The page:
Thai Adam sinned without any natural propensity to sin, is admitted. But Adam was not a sinner by nature. Nor was his sin in consequence of the sin of a progenitor. But the Scriptures teach us that there is a real connexion between the sin of Adam and that of his posterity, and that we are all by nature sinners. The question, therefore, which it became Dr. Taylor and the Reviewer to meet, was not, whether man can sin, without a natural propensity to evil--but how it can be truly said, that our sin is in consequence of the sin of Adam, and that our nature is the cause or reason of our sinning, if we come into the world with the same nature as that with which Adam was created? If the posterity of Adam, do not possess any more natural bias, or propensity to evil, than he possessed, why may it not be as truly said, that he was a sinner by nature, as that they are sinners by nature? But instead of meeting this question, they represent me as teaching the position that man cannot sin without a constitutional propensity to sin. Whereas the position which I have taken, is, that "if all mankind come into the world with the same nature as that with which Adam was created, and which the child Jesus possessed ; then the only reason that they do not exhibit the same charac

[ocr errors]

ter, must be that they are placed in DIFFERENT CIRCUMSTANCLS."

In this connexion, I wish the reader to notice the following representation of Dr. Taylor :

“I had spoken of the possibility that natural propensities for good, like those which led our first parents to sin, might prove the occasion of universal sín to their posterity. Dr. Tyler passes this without any attempt at refu. tation, cxcpt that he requests his reader to compare it with passages which he cites froin the great champion of Arminianism, Dr. Taylor of Norwich.What is this but to resort to reproach when argument fails !" p. 15.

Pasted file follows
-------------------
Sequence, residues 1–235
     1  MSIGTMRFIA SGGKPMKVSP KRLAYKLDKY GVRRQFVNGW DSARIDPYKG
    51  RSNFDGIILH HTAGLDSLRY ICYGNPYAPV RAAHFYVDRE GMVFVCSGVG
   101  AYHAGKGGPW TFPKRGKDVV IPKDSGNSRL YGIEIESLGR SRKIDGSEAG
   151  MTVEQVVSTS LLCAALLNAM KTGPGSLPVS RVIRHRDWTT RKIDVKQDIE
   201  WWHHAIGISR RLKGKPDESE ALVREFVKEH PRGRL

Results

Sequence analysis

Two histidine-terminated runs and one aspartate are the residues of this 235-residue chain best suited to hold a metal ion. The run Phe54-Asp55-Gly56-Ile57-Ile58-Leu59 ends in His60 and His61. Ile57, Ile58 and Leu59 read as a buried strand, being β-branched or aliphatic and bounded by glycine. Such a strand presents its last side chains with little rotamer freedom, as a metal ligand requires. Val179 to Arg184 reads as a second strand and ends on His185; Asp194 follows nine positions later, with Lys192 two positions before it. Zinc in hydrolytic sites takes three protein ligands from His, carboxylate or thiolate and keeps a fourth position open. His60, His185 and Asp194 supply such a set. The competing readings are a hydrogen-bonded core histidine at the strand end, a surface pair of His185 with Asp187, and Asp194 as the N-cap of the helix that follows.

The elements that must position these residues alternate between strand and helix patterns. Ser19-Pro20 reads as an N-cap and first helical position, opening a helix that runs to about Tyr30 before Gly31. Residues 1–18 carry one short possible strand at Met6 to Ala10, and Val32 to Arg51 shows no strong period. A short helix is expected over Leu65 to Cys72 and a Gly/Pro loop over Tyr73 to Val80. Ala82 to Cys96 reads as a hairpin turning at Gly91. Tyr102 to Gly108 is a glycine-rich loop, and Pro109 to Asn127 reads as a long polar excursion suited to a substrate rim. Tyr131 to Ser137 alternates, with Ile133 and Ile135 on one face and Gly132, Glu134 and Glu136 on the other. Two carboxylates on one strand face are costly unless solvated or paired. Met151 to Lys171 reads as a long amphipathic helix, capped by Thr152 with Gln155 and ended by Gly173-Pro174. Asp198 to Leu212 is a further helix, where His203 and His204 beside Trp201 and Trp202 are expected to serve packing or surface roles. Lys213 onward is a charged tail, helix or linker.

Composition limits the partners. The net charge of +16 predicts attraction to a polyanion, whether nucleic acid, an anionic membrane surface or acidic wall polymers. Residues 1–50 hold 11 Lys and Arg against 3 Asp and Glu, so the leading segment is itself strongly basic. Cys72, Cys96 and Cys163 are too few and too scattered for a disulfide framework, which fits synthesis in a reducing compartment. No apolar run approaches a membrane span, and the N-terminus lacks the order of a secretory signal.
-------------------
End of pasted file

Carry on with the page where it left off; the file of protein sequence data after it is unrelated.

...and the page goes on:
Now let it be remembered, that in connexion with my quotation from Dr. Taylor of Norwich, I quoted Edwards' reply. Of this reply, Dr. Taylor is careful to take no notice. Dr. Taylor proceeds:

“How will such an expedient set aside the matter of fact, that Adam sinned without a created or propagated propensity to sin? Why does Dr. Ty. ler, in view of this fact respecting Adam, assume the utter impossibility of the same fact respecting his posterity?

I have not attempted to set aside this matter of fact; nor have I denied, as Dr. Taylor represents, that the posterity of Adam might sin, without a natural propensity to sin. But here is a universal fact to be accounted for. If mankind are naturally no more inclined to evil than to good, how comes it to pass, that all, without exception, begin to sin as soon as they are capable of sinning? Is it said, all are moral agents, and therefore can sin? It may also be said, all are moral agents, and therefore can be holy-and why do not some at least become holy? Why is it, that all the children of Adam, without a single exception, agree to pervert their moral agency? Is there no reason for this? Or is it sufficient to say, as Dr. Taylor does, that “ Adam sinned without any previous propensity to sin, and therefore Adan's posterity may sin, without a propensity to sin.” This, as I showed, is the precise ground which was

I taken by Dr. John Taylor of Norwich, and which was refuted by Edwards. The correctness of my statement is not denied, although for making it, I am accused of resorting to reproach when argument fails. But would it not be well for Dr. Taylor to answer the reasoning of Edwards, before he sounds his note of triumph.